General features of organ of Corti motion
A typical confocal microscope image of the hearing organ is shown in Figure 2 A. Most functionally relevant structures were visible, with the exception of the tectorial membrane, which was not stained by the present set of vital dyes (Ulfendahl et al., 2000). Both inner and outer hair cells with their stereocilia were seen readily along with the different types of supporting cells. A section of the basilar membrane, forming the bottom of the tunnel of Corti, was visible. The nerve endings contacting the inner hair cells were also labeled in many experiments.
The effects of applying variable pressure gradients across the cochlear partition were investigated by acquiring consecutive confocal microscope images of the same region of the hearing organ. As expected, an increase in the scala tympani pressure caused a motion of the organ of Corti toward the scala vestibuli, and a decrease in the pressure moved the organ in the direction of the scala tympani (compare Fig. 1). Figure 2 B shows a combined image of the organ before a pressure gradient was applied (in pink; the same image as in Fig. 2 A) and after the scala tympani pressure had been reduced (in green; regions in which the structures overlapped will be seen as gray). There was little displacement in the regions of the organ close to the center of the cochlea, whereas more peripheral structures moved progressively more, with maximum amplitude seen in the Hensen's cell region.
Figure 3 A shows the tunnel of Corti region in another preparation at high magnification. Note the intense labeling of the hair cells and nerve fibers, including the fiber crossing the tunnel of Corti and the space of Nuel. From the combined red–green–blue (RGB) image (Fig. 3 B), it was evident that the motion of this region of the organ was relatively small, and that the region under the inner hair cells showed negligible motion. Images such as the ones shown above provide a qualitative estimate of organ of Corti motion, especially when viewed as an animated image sequence. Examples of such sequences can be viewed or downloaded at www.ki.se/cfh/movies.
Analysis of cellular motion using optical flow
To better characterize the displacement of different cochlear structures, an optical flow estimate was applied to the image sequences. Figure 4 shows the trajectory plots obtained by following the displacements of several points along the reticular lamina (Fig.4 a–d), on the bodies of inner and outer hair cells (Fig. 4 e–h), and on the inner and outer pillar cells (Fig. 4 i–l). At these low frequencies, the organ of Corti showed quasi-static motion, without any detectable phase differences between the motions of the inner and outer hair cells or of any other structure. However, the different structures of the organ followed very different motion patterns. The reticular lamina did not show significant radial motion (Fig. 4 a–d), but a clear radial displacement was observed for the cell bodies of the outer hair cells and the outer pillar cell during the first phase of motion, when the organ was displaced toward the scala vestibuli (Fig.4 g,h,l). Also, the top and bottom parts of the inner pillar cell followed differently oriented trajectories, with the orientation becoming more radial in the bottom parts (Fig.4 i–k), indicating inner pillar cell deformation.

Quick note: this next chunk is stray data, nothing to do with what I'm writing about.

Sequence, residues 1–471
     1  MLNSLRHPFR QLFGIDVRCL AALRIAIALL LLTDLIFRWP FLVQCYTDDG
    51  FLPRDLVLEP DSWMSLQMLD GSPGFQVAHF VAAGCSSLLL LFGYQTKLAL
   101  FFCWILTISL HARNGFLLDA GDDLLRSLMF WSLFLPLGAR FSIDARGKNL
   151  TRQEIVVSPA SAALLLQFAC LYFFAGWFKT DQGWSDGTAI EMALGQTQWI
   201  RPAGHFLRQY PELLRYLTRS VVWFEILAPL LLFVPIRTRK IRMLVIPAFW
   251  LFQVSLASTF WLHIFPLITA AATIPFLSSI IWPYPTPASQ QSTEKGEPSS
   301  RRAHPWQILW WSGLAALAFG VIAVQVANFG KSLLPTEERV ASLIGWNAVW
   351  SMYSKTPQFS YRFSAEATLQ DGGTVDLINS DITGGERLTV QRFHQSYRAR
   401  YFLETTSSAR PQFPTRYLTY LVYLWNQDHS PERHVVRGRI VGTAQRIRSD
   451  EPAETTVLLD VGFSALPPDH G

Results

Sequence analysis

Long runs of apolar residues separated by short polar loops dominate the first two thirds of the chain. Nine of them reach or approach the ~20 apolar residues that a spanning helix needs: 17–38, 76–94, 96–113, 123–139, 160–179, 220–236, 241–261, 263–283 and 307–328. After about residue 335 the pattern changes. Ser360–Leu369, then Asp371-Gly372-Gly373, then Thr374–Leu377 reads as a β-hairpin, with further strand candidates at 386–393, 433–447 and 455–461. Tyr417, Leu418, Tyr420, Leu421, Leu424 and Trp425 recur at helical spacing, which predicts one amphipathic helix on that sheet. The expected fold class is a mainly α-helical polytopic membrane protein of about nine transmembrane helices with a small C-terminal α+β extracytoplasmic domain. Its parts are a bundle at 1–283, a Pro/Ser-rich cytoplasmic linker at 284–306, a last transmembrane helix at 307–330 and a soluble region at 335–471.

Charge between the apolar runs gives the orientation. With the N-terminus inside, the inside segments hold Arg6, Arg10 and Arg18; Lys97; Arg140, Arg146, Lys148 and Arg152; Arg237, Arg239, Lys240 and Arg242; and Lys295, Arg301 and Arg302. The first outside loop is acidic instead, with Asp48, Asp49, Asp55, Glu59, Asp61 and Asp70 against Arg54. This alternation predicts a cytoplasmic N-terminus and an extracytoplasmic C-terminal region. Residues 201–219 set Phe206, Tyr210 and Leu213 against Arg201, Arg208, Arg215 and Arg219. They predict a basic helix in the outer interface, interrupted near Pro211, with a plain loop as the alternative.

The amplitudes of the trajectories along the reticular lamina grew nearly linearly from the inner hair cell apex to the third-row outer hair cell (Fig. 4, top right), a feature compatible with a rotation of the reticular lamina around an axis located in the inner hair cell region. The amplitudes are larger than those found during sound stimulation, but these images nonetheless reveal interesting information about the mechanical properties of the organ and the interactions between different structures.
The reticular lamina moved as a stiff plate without noticeable deformation. Assuming a rigid rotation of the complex formed by the inner hair cell and the outer hair cells (Rhode and Geisler, 1966), one would expect the axis of rotation to be situated in the synaptic region near the base of the inner hair cell, because this region showed very little movement. The reticular lamina indeed appeared at a first approximation to move as a stiff plate, but the inner hair cell body could not be considered rigid. In the experiment shown in Figure5 (same preparation as shown in Fig. 4), the length of the inner hair cell from base to apex (Fig. 5, distanceA–C) first showed an increase of 0.81 μm, followed by a large 3.2 μm decrease, after which it increased back to its initial value. The changes in the cell width (Fig. 5 B–D) were approximately four times smaller, implying that the cell underwent significant shape change. Because of the deformability of the inner hair cell, it is not possible to identify the motion of the reticular lamina, even when considered a perfectly stiff plate, with a rotation around a unique pivot axis. Nevertheless, it makes sense to define an effective pivot axis for the reticular lamina that depends on the pressure gradient applied, or equivalently on time in a periodic motion.